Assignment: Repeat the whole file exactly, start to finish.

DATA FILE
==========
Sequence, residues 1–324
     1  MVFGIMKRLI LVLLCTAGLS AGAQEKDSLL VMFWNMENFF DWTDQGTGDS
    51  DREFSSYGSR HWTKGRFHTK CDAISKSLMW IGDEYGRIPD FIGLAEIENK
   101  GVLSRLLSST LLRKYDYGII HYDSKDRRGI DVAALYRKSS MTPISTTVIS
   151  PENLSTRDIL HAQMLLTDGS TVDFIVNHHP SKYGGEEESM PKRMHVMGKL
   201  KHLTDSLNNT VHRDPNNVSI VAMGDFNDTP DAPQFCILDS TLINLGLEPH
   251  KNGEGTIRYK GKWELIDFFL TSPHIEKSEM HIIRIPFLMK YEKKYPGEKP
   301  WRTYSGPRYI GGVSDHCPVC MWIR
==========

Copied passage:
Sequence, residues 1–324
     1  MVFGIMKRLI LVLLCTAGLS AGAQEKDSLL VMFWNMENFF DWTDQGTGDS
    51  DREFSSYGSR HWTKGRFHTK CDAISKSLMW IGDEYGRIPD FIGLAEIENK
   101  GVLSRLLSST LLRKYDYGII HYDSKDRRGI DVAALYRKSS MTPISTTVIS
   151  PENLSTRDIL HAQMLLTDGS TVDFIVNHHP SKYGGEEESM PKRMHVMGKL
   201  KHLTDSLNNT VHRDPNNVSI VAMGDFNDTP DAPQFCILDS TLINLGLEPH
   251  KNGEGTIRYK GKWELIDFFL TSPHIEKSEM HIIRIPFLMK YEKKYPGEKP
   301  WRTYSGPRYI GGVSDHCPVC MWIR